'Negative thoughts' we tend to see as bad thoughts about other people or things or events; but it is the negative thoughts about our selves and our pasts in general that are even more insidious, because they block our receptivity to the forgiving mercy of God. We do not have to despise our selves to be acceptable to God. Our sins, yes; and some of them are truly horrendous. But, repented, they are forgiven, and to fail to surrender to that forgiveness is a kind of false pride that is worse that anything we might do. Perhaps it is the sin against the Holy Spirit.

Nothing earth-shattering, here, but a reminder.

Thursday, February 22, 2018

Now available from DLT UK

Silence: A User's Guide vol 2 is now available directly from Darton Longman Todd UK. Enjoy!

Tuesday, January 02, 2018

Urgent Message

Gentle Readers,

Please do not buy Volume 2 from Amazon UK if you live outside the UK and Europe. Likewise if you live in the UK or Europe, please don't buy what is currently listed on Amazon UK as this edition isn't out yet. There are two different publishers involved and the American one has mistakenly listed its edition on the Amazon UK site. If too many books are wrongly sold through this site the UK edition may be cancelled, which would be a disaster. Thank you.

The Amazon USA site is:


Thursday, December 14, 2017

Silence: A User's Guide, Vol. 2 Is Available

I am very happy to announce that Silence: A User's Guide, Vol. 2, is now available from Wipf and Stock customer service. It will be available on Amazon in two to four weeks; the Kindle edition will be available probably in March.

The British edition will be available in the spring.

Happy Christmas!

Thursday, December 07, 2017

Kenosis and Trinity

Before a few notes on kenosis and Trinity, a word about the publication date of Silence: A User's Guide, vol. 2, which is, in the USA, March 9, 2018. Available from Wipf and Stock. The UK publication date (DLT) is not yet available.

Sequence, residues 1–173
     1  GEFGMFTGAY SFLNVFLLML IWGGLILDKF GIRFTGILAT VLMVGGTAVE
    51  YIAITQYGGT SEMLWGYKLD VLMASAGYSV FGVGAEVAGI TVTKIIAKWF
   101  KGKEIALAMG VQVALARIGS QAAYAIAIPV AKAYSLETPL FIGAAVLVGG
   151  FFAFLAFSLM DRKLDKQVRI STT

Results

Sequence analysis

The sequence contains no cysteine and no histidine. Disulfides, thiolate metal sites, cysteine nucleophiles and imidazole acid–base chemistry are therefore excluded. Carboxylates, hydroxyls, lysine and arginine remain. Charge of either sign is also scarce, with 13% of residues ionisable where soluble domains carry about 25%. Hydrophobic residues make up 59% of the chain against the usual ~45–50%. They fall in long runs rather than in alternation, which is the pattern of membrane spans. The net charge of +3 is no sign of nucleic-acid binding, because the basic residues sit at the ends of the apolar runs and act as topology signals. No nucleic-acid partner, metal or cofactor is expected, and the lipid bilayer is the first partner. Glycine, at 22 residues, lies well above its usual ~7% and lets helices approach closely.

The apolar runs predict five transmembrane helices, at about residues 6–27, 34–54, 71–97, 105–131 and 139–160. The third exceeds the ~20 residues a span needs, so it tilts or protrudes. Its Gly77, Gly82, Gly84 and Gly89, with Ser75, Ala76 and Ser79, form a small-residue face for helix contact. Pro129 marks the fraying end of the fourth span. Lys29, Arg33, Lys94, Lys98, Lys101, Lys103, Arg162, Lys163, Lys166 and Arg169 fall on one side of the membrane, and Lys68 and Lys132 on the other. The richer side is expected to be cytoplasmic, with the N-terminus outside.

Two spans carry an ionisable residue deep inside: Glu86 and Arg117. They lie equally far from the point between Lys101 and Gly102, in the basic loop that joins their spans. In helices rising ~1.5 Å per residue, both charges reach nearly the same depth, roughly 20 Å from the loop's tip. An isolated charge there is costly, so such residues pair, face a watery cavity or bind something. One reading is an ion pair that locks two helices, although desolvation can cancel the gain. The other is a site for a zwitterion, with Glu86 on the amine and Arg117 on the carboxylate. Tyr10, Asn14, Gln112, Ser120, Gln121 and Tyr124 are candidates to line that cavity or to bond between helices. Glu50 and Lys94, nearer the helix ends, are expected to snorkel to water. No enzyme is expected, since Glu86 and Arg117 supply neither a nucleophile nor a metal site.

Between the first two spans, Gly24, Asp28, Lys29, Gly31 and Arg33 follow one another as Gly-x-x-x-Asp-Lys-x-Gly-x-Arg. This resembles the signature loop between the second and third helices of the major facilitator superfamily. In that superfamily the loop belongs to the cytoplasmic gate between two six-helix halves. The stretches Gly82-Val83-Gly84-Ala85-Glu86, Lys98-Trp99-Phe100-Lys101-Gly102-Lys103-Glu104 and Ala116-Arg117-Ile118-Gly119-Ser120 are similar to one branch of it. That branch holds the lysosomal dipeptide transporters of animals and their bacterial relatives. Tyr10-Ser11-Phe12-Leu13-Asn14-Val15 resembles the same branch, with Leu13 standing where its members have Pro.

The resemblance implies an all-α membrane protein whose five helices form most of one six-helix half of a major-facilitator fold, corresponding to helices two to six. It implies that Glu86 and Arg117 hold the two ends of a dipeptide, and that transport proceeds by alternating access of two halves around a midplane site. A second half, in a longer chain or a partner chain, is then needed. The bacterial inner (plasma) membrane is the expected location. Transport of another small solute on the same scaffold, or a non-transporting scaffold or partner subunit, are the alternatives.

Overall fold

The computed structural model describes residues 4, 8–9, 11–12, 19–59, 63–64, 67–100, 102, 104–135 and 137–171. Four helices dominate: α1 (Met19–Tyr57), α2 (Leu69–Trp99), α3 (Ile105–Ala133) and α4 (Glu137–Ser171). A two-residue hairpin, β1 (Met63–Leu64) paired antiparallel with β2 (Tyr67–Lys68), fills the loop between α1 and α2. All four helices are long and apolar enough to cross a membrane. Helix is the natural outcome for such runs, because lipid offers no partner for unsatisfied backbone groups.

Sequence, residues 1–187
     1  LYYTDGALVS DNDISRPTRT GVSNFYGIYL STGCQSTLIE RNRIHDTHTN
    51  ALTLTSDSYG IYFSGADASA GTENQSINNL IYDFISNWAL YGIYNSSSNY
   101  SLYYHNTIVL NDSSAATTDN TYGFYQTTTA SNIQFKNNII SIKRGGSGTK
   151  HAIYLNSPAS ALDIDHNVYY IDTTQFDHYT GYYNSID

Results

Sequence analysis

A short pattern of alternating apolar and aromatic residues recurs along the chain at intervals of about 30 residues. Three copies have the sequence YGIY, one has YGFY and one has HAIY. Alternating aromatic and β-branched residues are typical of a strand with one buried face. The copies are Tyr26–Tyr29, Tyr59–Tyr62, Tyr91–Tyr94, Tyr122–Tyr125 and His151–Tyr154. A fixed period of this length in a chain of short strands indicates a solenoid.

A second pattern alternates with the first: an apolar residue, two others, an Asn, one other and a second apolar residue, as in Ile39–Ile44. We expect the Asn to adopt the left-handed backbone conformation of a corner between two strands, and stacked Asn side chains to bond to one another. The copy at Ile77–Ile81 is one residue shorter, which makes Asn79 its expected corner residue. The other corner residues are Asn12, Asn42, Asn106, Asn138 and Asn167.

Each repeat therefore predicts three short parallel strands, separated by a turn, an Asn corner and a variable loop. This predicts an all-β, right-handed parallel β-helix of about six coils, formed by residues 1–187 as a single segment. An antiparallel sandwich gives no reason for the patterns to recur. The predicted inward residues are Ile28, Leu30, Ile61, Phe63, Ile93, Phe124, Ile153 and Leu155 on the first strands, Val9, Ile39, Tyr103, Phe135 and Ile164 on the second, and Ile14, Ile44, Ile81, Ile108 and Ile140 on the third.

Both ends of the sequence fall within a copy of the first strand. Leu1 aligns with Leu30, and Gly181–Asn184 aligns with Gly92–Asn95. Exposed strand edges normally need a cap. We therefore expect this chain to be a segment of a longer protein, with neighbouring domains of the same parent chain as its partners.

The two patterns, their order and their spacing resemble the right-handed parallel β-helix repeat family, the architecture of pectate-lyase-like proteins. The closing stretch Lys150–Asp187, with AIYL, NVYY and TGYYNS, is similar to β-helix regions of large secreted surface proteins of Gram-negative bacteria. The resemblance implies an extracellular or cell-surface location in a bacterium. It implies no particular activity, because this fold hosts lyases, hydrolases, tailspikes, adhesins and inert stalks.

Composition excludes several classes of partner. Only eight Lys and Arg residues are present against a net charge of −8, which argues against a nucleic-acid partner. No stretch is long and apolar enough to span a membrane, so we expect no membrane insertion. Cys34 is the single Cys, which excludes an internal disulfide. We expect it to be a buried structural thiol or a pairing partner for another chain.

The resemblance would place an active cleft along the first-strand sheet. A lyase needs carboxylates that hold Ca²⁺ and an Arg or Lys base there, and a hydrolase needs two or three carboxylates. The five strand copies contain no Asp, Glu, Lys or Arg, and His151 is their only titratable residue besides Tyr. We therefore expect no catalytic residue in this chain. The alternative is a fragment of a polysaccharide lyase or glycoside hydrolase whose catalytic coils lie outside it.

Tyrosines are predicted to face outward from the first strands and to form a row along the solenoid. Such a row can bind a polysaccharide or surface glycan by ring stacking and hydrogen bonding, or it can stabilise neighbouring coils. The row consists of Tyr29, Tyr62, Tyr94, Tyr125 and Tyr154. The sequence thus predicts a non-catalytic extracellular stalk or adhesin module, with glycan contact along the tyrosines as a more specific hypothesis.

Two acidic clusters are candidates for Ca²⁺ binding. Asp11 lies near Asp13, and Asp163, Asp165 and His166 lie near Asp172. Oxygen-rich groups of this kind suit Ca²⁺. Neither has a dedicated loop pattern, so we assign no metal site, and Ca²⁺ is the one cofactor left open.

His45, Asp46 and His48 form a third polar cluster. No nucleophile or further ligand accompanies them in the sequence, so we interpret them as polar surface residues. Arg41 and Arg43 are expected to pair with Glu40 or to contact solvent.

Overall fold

Matt has written to ask about the relationship between kenotic theology and Trinitarian theology. The link is self-emptying. Each Person of the Trinity is self-outpouring. In patristic theology this is called circumincession. This is not something each Person 'does' but is rather who each Person is. Of course everything we say about the Trinity is inadequate; but we can talk about the self-outpouring of the Trinity because of the self-emptying of Christ.

In a purely speculative mode, we might think of the Trinity as kenosis-glory-wisdom; a Buddhist trinity might be emptiness-compassion-wisdom. It's interesting that wisdom and emptiness occur in both. Of course we could also say that the second Person of the Christian Trinity is also compassion; these are just analogies and hints. But recently I have been interested in glory as the other side of kenosis (see vol 2 above); kenosis does not lead to glory, it is glory. We cannot see the glory because we would be overcome, as Isaac of Nineveh says; but faith is in part the confidence (parrhesia) that this unity of kenosis and glory is so. This is one notion that ties together the epistles and the Gospel of John. This subject is all quite mind-blowing and unfolds slowly. More later, perhaps.

Happy Advent, everyone.